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The Digital Economy: Disruption, Transformation, Opportunity

Source | Digitalist By SAP 

Bottom line: digitization and the Internet of Things (IoT) are changing the world at an unprecedented rate. Companies looking to succeed in the emerging digital economy must transform themselves by reinventing their business models, strategies, processes, and practices.

What is the digital economy? It′s the economic activity that results from billions of everyday online connections among people, businesses, devices, data, and processes. Knowing how to manage, extract value, and make decisions based on those connections may seem daunting, but it′s a crucial executive task. “Success will depend entirely on how companies can transform themselves digitally to harvest the opportunities of this data-driven, hyperconnected environment,” says Dinesh Sharma, Vice President of Portfolio Marketing at SAP.

Such transformation also requires ongoing enterprise reorganization and the blurring of once strictly defined employee roles. Even the nature of accountability is changing, Sharma says:

“New tools and processes will empower employees to routinely make crucial decisions with less—or no—red tape. This will help make organizations nimble enough to meet their customers′ ever-changing demands.”

A disruptive quartet.

The digital economy is driving disruption in four areas that business leaders must address:

1) Employees: CxOs must manage increasingly dynamic distributed workforces. For example, millennials—today′s youngest employees—are driving the growing contingent-labor trend because they expect to be able to work remotely or hold multiple jobs simultaneously. Organizations must also develop next-generation digital business processes and train all employees to use them effectively, from anywhere, at any time.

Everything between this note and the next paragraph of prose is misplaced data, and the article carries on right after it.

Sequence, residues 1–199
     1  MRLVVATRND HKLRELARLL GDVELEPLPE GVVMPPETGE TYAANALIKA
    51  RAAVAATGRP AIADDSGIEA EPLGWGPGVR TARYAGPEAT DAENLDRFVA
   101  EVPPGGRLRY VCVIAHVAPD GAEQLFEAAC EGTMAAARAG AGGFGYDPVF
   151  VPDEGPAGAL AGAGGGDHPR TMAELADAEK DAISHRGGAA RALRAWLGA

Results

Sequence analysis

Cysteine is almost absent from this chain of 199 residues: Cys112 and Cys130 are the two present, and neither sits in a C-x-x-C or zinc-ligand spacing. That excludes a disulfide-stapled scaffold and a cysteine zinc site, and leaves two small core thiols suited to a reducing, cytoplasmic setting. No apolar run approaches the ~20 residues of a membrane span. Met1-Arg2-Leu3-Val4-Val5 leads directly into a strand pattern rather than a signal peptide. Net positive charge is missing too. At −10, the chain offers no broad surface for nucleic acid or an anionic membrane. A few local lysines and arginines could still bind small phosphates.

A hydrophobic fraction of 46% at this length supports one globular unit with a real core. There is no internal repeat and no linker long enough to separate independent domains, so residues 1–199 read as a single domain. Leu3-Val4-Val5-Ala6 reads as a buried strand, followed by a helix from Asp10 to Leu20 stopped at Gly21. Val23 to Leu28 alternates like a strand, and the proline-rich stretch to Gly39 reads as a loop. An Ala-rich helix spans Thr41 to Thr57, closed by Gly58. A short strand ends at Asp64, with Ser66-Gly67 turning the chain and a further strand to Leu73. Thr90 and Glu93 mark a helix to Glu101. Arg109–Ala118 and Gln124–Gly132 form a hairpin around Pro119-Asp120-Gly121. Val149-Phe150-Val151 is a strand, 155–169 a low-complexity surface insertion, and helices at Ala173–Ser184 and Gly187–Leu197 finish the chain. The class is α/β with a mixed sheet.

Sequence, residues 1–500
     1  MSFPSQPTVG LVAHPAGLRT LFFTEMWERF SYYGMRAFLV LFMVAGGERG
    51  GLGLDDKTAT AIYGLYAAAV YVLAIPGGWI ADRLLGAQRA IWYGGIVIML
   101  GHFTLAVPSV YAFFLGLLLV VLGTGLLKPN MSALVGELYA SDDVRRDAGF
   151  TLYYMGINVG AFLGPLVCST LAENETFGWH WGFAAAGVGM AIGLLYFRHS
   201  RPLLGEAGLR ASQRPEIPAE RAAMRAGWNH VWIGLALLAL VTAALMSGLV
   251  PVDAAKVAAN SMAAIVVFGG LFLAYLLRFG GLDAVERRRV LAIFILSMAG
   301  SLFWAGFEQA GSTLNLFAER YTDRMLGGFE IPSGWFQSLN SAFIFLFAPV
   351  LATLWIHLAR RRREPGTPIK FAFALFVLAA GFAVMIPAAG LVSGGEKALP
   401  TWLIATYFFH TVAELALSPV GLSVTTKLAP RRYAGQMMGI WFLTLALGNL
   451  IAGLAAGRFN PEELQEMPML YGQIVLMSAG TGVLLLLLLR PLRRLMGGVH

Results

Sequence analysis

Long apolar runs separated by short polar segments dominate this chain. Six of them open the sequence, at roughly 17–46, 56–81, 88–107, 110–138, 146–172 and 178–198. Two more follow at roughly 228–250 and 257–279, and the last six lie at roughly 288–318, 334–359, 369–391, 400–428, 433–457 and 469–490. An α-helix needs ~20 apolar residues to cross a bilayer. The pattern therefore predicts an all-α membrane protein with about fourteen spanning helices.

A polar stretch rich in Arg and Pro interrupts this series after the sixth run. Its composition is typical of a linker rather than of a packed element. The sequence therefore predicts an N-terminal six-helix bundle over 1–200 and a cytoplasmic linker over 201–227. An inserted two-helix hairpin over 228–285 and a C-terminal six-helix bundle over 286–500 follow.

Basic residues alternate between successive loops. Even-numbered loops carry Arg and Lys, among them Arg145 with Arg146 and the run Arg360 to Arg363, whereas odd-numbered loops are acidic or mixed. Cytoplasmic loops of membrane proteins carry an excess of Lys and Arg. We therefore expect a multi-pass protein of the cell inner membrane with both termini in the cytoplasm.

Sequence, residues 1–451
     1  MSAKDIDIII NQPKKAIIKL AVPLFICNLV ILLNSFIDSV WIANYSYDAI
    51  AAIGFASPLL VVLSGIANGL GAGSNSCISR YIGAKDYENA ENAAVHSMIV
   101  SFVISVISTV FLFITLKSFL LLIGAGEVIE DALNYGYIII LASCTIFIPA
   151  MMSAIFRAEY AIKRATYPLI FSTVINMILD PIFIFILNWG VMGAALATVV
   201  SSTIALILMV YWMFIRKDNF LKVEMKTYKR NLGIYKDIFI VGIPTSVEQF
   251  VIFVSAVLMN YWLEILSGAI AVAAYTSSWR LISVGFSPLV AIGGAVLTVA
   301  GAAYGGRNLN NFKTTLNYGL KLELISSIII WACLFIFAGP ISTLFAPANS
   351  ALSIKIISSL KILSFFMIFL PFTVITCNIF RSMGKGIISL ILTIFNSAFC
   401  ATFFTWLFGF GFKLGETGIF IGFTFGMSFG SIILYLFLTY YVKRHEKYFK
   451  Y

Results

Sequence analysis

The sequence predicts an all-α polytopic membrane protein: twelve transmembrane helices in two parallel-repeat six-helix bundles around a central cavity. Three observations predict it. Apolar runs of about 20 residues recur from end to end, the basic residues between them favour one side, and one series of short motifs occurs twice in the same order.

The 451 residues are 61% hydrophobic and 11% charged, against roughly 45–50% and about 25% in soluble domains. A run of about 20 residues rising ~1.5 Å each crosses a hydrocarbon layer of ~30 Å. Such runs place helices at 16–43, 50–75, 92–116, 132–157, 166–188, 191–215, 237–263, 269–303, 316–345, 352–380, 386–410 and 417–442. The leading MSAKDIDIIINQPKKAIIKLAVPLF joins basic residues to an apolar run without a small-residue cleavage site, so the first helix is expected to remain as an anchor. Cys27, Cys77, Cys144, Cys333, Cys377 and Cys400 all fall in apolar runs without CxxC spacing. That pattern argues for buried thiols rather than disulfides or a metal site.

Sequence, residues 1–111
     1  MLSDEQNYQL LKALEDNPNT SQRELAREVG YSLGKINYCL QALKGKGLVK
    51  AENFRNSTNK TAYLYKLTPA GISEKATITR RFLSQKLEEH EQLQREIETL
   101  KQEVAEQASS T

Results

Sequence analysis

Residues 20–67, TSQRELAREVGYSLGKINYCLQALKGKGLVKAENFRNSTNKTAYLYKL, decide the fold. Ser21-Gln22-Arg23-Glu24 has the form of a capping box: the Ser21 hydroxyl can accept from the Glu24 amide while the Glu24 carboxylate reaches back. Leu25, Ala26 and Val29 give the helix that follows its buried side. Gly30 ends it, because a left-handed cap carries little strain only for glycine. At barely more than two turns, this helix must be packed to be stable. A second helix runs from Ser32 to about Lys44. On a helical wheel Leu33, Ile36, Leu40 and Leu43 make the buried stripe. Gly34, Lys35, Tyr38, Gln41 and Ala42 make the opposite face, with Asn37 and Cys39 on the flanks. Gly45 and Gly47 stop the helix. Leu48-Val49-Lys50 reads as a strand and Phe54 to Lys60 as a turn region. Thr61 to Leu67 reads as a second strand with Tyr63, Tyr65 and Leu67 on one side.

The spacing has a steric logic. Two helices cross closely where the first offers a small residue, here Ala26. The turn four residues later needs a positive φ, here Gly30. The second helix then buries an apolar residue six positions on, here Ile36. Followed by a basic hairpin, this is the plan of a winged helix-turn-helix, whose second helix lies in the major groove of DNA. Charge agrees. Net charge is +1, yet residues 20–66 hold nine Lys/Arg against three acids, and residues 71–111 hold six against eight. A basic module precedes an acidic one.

2) Customers: Today, B2B and B2C customers alike want companies to interact with them seamlessly, on demand, whenever and however it′s most convenient. They also crave direct, contextual, personalized experiences. That′s why all employees must be armed with the data they need to make real-time decisions. “The days of just selling a product and counting profits are gone,” Sharma notes. “Now, success is measured by customer loyalty, which must be earned every day.”

3) Suppliers: To enable truly next-generation commerce, enterprises must securely capture, analyze, and share data in real time and at multiple points of contact. “Today, businesses outsource tasks to specialty providers, so the single, integrated company of 20 years ago is history,” Sharma says. “But you must still enforce processes across the complete value chain.”

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